The first letter is positioned too high when viewed in Firefox. Getting special effects to work in both Internet Explorer and Firefox is often a challenge. Some say that the fault is the individual coder's (i.e., mine) or Microsoft's, since Firefox "just shows you what you do," since it rigidly adheres (when not itself buggy) to the Official Standards of some techie association, as if the standards were pure logic or laws of nature and couldn't be buggy or misconceived, for instance the ridiculous and apparently never-to-be-repaired hyphenation problem. The turf battle between Microsoft and the standards people, and the often (not always, but often) less forgiving (less amateur-markup-friendly) nature of Firefox, make it harder for smaller business to do a really nice Website without external professional help. Dealing with the different ways of calculating margins plus widths etc., requires weird hacks which I'll probably have to use for this site if I'm ever to get the masthead to center properly in all browsers and which for all I know I'll have to redo after the next versions of the browsers. I usually don't even bother worrying about Opera and Safari and I've no idea what this site looks like on a Mac or in Linux, though I included some Linux fonts in the CSS and generally tried to avoid adding complication. Right now I'm tempted to do what I did at Peirce Matters and make the sidebar seem static and separately scrollable without using frames - another IE vs. Firefox struggle for me - (that site looks weird and crowded but it's for other reasons, and I'm not sure that I needed to move the Blogger Navbar to the bottom), but this new Blogger template is weird, so I don't know. Anyway, now that I've gotten all that off my chest....


Your site's home page's arrangement is superb, it looks like a magazine or something (though unlike like the way actual magazines on the Internet tend to look - they should hire you for design and execution), and is highly convenient. If I create another blog, I might steal some looks at your page source.

When one clicks on your current main post, one finds a beautifully done photo image.

Your current color scheme leaves some of the words way too light - in the subtitle and in the link bar along the top. Not everybody has good vision, or good vision in both eyes (and defective vision is not always correctable by lenses - e.g., cornea damage). I see things from both sides now so to speak.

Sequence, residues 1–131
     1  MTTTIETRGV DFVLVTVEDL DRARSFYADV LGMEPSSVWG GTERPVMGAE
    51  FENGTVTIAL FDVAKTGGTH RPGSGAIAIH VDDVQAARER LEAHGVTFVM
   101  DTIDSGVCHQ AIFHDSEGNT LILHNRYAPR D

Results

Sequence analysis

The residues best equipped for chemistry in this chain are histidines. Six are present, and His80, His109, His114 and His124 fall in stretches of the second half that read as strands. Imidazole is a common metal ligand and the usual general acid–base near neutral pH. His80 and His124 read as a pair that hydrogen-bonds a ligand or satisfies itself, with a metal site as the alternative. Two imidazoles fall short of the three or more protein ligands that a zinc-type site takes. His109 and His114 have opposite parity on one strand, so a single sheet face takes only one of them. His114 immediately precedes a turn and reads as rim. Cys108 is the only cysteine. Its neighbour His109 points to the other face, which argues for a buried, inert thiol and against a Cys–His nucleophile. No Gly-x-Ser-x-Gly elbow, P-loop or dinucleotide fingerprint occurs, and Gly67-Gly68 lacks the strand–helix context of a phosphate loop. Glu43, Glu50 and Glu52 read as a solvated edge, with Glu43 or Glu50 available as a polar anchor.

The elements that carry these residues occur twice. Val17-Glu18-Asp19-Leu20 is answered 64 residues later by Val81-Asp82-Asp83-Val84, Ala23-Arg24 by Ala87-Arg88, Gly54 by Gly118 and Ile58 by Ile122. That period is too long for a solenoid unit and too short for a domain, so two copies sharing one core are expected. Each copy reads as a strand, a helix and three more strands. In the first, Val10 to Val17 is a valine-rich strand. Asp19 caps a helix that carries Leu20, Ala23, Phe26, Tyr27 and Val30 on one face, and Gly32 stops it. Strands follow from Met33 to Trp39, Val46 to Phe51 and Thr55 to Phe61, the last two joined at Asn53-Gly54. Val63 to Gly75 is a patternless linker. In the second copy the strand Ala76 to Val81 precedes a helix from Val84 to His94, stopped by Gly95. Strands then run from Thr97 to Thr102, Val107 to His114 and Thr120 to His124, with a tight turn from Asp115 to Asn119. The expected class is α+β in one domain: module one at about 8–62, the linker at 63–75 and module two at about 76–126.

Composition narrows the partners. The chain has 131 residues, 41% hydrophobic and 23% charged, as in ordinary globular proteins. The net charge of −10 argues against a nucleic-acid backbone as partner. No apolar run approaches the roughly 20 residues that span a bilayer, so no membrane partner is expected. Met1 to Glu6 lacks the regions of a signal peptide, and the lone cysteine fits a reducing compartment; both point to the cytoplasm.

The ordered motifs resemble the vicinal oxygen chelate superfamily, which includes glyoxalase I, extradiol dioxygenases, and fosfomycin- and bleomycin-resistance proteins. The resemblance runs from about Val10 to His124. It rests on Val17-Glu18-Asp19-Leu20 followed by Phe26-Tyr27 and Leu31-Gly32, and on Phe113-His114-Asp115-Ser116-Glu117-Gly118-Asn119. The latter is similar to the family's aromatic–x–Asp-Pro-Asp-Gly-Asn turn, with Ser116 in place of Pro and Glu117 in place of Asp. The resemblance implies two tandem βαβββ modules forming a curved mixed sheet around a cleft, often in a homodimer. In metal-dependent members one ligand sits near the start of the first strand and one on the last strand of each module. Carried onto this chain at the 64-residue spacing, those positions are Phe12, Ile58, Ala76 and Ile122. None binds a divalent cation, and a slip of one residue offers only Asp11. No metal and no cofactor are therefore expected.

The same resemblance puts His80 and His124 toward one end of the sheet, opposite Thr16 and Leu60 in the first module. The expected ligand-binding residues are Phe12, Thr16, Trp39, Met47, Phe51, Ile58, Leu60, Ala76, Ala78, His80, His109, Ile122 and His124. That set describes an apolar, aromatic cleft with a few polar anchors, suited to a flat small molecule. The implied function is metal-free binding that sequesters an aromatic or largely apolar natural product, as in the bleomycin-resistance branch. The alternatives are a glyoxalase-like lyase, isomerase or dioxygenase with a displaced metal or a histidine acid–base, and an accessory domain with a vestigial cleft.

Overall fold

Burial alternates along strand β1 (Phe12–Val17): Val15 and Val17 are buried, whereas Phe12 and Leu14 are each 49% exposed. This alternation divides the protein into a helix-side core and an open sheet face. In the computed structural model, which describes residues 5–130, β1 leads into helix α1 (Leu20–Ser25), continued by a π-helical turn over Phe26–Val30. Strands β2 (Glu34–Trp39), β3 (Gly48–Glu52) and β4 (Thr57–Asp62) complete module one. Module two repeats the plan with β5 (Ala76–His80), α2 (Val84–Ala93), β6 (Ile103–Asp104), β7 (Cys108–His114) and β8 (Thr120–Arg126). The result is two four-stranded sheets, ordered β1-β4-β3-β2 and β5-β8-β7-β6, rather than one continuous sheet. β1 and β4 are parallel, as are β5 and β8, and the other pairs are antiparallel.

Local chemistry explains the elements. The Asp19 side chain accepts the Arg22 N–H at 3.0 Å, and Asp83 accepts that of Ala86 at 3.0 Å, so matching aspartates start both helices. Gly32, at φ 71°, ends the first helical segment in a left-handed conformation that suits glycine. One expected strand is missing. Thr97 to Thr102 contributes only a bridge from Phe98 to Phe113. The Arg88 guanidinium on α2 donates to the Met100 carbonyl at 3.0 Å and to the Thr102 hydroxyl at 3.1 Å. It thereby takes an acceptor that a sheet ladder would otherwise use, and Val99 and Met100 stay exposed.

Me, I love colors - hues - but tend to tone it down in team work. Yet both the tendency to unpainted statues and the Georgetown style of whitish room walls were based historically on mistakes about what the Ancients and George Washington actually used - actually they used hues that weren't so subdued. That not all that glitters is gold is insufficient reason for gold not to glitter.

Nam ad pulchritûdinem tria requîruntur. Prîmô quidem, integritâs sîve perfectiô, quae enim dîminûta sunt, hôc ipsô turpia sunt. Et dêbita prôportiô sîve consonantia. Et iterum clâritâs, unde quae habent colôrem nitidum, pulchra esse dîcuntur. — Summae Theologiae, Prîma Pars, Quaestiô 39, Articulus 8.

“For in fact for beauty three things are required. First certainly, integrity or perfection, indeed things which have been dashed to pieces [or destructively violated], by this very fact are ugly [base, disgusting, “gross”]. And due proportion or harmony. And again clarity [or brightness], whence things which have bright [or glistening or blooming] color are said to be beautiful.”— Summa Theologica, First Part, Question 39, Article 8. (tr. mine).

On the other hand, I admit that, besides the stăre dêcîsîs of the faint-hue fashion, there are other reasons for the undecorated look of serious text. I remember that funny scene on the TV I, Claudius where he rages at the scroll makers for having added elephant illustrations to his text. I wonder whether scholars in his time really had that attitude.

Ben Udell said...

Oops, forgot to link nitidum to a translation.

R Jeffrey Grace said...

Thanks for the kind words, Ben! I can't claim the design of the site as my own... it's a Wordpress theme, designed by David Garlitz. It's one of the best free themes out there that I've seen to date!

Ben Udell said...

Well, you certainly have good taste.

Now I've finally repaired the problem where the sidebar was jumping beneath the totality of posts when the browser window gets too narrow. It's always a learning experience.

R Jeffrey Grace said...

Thanks! I can claim the photography though... at least the ones in my gallery and the ones labeled photo of the day... except for the Hubble pix. ;>

Ben Udell said...

I get ambivalent about those colorful pics - after I've said that I love colors! I know that they're supposed to reflect actual frequency differences, but still.... The ending pics on the original Outer Limits were all pretty much black and white, one would watch each expanding slowly, as if one were heading to those unbelievably far, majestic, strange places (some astronomers have said that those scenes were what got them into astronomy). Then there was the original version of the book Cosmic View. Gilbert Sorrentino wrote poem that I've suspected took some inspiration from that book. He wrote:

        color is is
        in those places we
        have made within the

world, but they are
simply, places, the world passes
        hugely on each side, huge
        and black, and

I posted the whole poem here at the blog of one "Aussiegirl," actually an American of Ukrainian heritage, who is gone into light now. Aquinas, if I recall aright, said that the beauty of heaven is not purely intellectual and oolorless light but to the contrary.